Ongpin on the offensive, to take BSP exec to courtBy Doris C. Dumlao |Philippine Daily Inquirer
Former Trade Minister Roberto V. Ongpin will take Bangko Sentral ng Pilipinas Deputy Governor Nestor Espenilla Jr. to court allegedly for violating the Anti-Graft Law.
Ongpin claimed the BSP official maintained a “contradictory” position on Philex Mining transactions, which led to the freezing of Ongpin’s bank accounts.
The criminal case stemmed from the decision of the Development Bank of the Philippines to lend to companies owned by Ongpin in 2009. The funds were used to buy Philex shares.
“Espenilla has caused my reputation the gravest damage by his signing an ex-parte petition with the Court of Appeals that my bank accounts be frozen,” Ongpin said in a statement Friday. “This action, which is totally without basis, is never taken lightly by anyone, not my international business partners, and certainly not by the investing public, which has lost for me several billions in market value of my listed shares. I cannot allow Espenilla to take this most serious action, whether deliberate or not, and let him get away with it.”
According to Ongpin, Espenilla testified under oath during last year’s Senate hearings that the DBP loans were “prudent and positive, and resulted in trading gains for DBP.”
But in November 2012, Ongpin said Espenilla submitted a petition to the Court of Appeals, stating that the DBP loans made to Ongpin were irregular. The BSP official also petitioned the court to issue a freeze order on Ongpin’s bank accounts, which was granted.
Ongpin said Espenilla must have “forgotten his testimony under oath during the Senate hearings, held last year.”
In 2009, Ongpin’s Deltaventure borrowed P660 million from DBP to finance the acquisition of Philex shares, including 50 million Philex shares owned by DBP. The loans have been fully paid well before maturity and with full interest.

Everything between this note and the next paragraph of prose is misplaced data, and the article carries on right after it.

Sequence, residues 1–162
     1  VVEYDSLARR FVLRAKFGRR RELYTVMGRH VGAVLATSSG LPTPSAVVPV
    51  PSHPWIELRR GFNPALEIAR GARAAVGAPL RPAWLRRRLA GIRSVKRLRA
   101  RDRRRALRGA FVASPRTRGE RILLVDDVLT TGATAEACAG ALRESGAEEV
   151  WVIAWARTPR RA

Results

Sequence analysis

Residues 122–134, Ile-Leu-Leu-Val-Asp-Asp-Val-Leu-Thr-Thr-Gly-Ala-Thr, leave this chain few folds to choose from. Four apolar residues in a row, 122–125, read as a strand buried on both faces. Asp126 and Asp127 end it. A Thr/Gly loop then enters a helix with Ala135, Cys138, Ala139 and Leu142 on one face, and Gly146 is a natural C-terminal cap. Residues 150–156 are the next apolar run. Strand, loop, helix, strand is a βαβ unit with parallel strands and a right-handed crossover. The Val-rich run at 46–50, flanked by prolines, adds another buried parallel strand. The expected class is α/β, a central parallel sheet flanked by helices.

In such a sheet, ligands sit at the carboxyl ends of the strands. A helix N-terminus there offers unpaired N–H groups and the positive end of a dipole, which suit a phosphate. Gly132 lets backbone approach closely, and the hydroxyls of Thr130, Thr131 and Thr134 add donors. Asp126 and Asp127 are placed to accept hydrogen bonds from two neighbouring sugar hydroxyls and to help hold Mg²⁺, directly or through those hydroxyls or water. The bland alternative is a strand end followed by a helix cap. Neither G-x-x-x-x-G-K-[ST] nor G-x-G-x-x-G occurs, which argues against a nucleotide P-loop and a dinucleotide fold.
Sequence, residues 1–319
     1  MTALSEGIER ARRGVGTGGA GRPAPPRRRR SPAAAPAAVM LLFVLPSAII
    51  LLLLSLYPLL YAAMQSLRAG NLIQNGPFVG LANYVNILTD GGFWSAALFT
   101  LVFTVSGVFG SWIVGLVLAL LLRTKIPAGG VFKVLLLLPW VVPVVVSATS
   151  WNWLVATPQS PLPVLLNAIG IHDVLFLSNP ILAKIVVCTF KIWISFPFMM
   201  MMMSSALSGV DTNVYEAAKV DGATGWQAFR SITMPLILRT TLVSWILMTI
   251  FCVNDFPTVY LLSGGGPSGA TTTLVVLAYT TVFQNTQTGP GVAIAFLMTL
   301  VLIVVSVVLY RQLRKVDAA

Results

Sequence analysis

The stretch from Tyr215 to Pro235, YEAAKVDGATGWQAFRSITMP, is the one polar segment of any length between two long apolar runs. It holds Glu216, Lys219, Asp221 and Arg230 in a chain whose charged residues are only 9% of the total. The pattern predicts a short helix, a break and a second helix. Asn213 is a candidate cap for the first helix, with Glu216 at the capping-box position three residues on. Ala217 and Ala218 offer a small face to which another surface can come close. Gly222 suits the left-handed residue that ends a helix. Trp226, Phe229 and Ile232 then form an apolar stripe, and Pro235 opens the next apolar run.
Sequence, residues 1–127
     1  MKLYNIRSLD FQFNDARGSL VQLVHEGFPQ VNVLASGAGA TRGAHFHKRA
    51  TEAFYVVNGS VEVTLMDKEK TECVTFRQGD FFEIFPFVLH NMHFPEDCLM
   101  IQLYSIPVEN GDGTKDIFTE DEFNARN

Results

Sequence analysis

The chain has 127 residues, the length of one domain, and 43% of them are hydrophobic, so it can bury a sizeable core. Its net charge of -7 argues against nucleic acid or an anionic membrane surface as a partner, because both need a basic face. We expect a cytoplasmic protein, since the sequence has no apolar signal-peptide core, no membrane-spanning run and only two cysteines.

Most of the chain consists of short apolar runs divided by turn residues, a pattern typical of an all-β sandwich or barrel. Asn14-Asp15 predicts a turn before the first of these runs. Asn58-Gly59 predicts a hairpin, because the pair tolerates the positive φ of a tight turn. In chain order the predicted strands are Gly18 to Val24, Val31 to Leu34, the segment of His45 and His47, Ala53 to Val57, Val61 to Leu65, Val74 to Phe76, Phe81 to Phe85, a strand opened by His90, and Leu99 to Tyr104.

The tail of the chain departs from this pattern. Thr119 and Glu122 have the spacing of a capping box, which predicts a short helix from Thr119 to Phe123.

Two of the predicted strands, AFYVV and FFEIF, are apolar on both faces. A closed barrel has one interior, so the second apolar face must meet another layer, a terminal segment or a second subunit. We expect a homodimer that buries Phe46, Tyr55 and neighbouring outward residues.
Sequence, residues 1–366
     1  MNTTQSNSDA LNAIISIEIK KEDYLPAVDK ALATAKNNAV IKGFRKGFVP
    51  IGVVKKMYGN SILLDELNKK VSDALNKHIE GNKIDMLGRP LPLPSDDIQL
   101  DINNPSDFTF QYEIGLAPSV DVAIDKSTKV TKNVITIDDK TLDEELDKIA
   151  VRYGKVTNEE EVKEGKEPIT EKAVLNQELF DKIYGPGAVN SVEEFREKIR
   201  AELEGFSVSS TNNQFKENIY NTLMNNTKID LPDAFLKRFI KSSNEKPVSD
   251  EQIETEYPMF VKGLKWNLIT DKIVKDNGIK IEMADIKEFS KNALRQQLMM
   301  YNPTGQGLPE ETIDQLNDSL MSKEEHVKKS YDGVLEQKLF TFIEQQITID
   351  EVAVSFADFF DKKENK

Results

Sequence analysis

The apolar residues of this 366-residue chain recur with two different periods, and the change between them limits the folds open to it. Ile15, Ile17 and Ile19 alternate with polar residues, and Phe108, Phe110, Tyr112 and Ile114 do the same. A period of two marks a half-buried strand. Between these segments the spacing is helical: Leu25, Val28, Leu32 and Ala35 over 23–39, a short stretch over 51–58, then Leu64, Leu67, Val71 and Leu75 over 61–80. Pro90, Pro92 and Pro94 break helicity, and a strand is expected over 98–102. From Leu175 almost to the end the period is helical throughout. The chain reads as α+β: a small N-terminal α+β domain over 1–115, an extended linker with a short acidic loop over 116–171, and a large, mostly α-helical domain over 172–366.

Because of these transactions, Ongpin said the DBP was able to earn profits, including trading gains, amounting to P1.4 billion. He added that the DBP loans constituted a mere 17 percent of the total funds that Ongpin raised from six financial institutions to acquire the Philex shares.
These transactions were questioned when the new board of DBP took over in 2010. It was during the Senate probe on the matter that Espenilla declared under oath that the transactions of DBP with Ongpin were “prudent” and “positive,” resulting in “trading gains” for the bank, Ongpin said.
In November 2012, Espenilla, then acting chair of the Anti-Money Laundering Council, signed a resolution directing the ex-parte application for a freeze order against the accounts of 30 individuals and entities, including Ongpin and his companies for the same DBP-Philex transactions.
A freeze order was then issued by the Court of Appeals last December.
Ongpin said the freeze order had caused great damage to him, and decided to file a case, citing the Anti-Graft Law which punishes public officers who cause undue injury to any party in the discharge of his official functions.
But Espenilla said in the AMLC resolution that Ongpin had caused “undue injury” to DBP in terms of “opportunity profits” when the bank sold its 50 million Philex shares to Ongpin at P12.75 a share in November 2009, instead of selling the same to businessman Manny Pangilinan at P21 a share in December that same year.
Ongpin said the Ombudsman herself, in a resolution dated Sept. 24, 2012, dropped this “undue injury” charge and refused to find probable cause to charge any of the respondents, including Ongpin.